Music Review: Salastina Music Society Season Finale

June 21, 2011 | By Theodore Bell | Category: Classical Music and Opera

Maia Jasper

Violinists and Co-directors Kevin Kumar and Maia Jasper celebrated a great first-anniversary concert of the Salastina Music Society as they closed their inaugural season June 18 at the Colburn School’s Thayer Hall in downtown Los Angeles.

The Salastina Music Society is a distinctive new element in the LA chamber music scene with a contemporary approach to programming that caters to, in their terms, the “modern attention span.”  There was no intermission, and each piece was of a different era or style and of relatively short duration.  The program did, in fact, keenly engage my attention with its inherent pace and diversity – not to mention the outstanding artistry, virtuosity and creativity.

The opening work, Introduction and Allegro by Maurice Ravel, featured harpist Julie Ann Smith accompanied by a sextet of flute, clarinet and string quartet.  She was impressive in all regards, and the sound of her instrument was wonderful in Thayer’s acoustical brilliance; the full range of her dynamic and attacks were easily audible, and her mastery of the instrument made Ravel really come to life.  Overall, the ensemble was characteristically rich and nuanced and violist Robert Brophy and cellist Timothy Landauer provided a solid balance to the delicate sound.  Clarinetist Hakan Rosengren and flutist Catherine Ransom-Karoly created a warm union of timbres, especially organic in the lower register.

Kevin Kumar

Antonin Dvořák’s Miniatures, a trio for two violins and viola, was delightful. Brophy was particularly compelling, and Kumar’s fetching melody turned from warm to hot over Jasper’s energetic accompaniment.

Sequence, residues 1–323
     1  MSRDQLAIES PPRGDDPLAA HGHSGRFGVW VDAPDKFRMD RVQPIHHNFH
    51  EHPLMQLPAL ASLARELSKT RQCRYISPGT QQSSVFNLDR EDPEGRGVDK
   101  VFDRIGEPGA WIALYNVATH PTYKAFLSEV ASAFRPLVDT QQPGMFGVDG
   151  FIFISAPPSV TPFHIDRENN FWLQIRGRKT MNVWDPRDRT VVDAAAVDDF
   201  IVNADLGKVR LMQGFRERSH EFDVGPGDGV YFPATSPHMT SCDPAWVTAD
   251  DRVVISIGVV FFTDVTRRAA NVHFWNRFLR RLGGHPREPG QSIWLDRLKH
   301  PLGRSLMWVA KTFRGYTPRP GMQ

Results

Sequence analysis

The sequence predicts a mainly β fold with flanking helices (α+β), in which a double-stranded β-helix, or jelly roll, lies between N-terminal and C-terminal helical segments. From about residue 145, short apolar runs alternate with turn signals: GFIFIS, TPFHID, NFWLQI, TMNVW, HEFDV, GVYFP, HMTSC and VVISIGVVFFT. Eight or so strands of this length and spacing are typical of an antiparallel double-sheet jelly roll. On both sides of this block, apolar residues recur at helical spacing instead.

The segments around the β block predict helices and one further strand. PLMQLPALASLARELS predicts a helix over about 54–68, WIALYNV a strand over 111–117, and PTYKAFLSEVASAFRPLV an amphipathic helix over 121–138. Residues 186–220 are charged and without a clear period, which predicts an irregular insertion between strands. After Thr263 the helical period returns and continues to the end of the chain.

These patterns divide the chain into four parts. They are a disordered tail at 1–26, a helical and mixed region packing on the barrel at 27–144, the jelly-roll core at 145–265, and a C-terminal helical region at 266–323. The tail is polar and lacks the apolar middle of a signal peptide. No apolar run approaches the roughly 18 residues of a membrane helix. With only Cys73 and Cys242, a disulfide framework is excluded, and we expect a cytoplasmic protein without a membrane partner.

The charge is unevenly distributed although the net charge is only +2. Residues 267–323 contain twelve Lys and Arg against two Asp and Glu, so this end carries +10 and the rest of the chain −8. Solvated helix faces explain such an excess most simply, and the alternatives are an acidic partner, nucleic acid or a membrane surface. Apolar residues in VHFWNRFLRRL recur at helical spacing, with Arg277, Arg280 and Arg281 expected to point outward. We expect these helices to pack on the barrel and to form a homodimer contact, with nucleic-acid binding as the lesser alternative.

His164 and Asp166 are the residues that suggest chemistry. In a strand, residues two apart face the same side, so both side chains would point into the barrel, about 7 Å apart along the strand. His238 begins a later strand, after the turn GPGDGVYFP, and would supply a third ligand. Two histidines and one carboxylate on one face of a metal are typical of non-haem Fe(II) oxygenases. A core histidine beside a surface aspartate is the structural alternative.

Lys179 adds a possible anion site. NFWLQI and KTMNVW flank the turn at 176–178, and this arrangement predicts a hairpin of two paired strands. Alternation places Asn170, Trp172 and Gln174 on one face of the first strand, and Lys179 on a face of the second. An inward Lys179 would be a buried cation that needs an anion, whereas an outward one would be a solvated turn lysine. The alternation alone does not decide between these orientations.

Kumar and Jasper created one of the highlights of the afternoon with their breathtaking performance of Mark O’Connor’s Appalachia Waltz. They were of one mind in their moving portrayal.  Their continuous legato lines beautifully intertwined in O’Connor’s unique blend of classical, bluegrass and jazz.  The performance was stunning in its simple beauty.  I will not soon forget the experience.

Resident Composer Jeremy Cavaterra contributed several original pieces and orchestrations to the event.  His arrangement of Béla Bartók’s Romanian Dances captured the essence of Bartók’s ethnomusicological style.  Rosengren and Ransom-Karoly played marvelously, and bassist David Parmuter added a significant dimension to the ensemble as well.

Cavaterra’s Tone Poem for String Quartet and Percussion – “The Owls” was a world premiere.  The music was alluring.  His use of harmony and timbre was unique; for example, the blend of the strings and gong in the opening passage was very effective.  Brophy and Landauer each had memorable moments in solo, and percussionist Greg Cohen was significant, although subtle, in his contributions that mostly provided a punctual emphasis for Cavaterra’s eloquent musical grammar.

The distinction between an arrangement and an original variation on a theme was blurred in Cavaterra’s re-orchestration of Arturo Márquez’s Danzon No. 2, originally scored for orchestra and inspired by the Cuban danzon style in Mexican ballrooms.  His treatment was a great success and a wonderful farewell celebration for the evening and the season.  There was no resisting the flaming hot licks and rhythms, and the audience leapt to their feet with a rousing stamp of approval.

Bravi to Jasper, Kumar, and the entire ensemble for bringing this unique addition to the Los Angeles chamber scene.  I look forward to hearing them again next season.

~Theodore Bell/Culture Spot LA

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  1. Great review. I learned a lot from reading it. Why I liked certain things. You put your finger on it. I find Cavaterra a little too “modern for my taste, but I think his arrangements are magnificient. Bravo. Hope to see you at more of their concerts.

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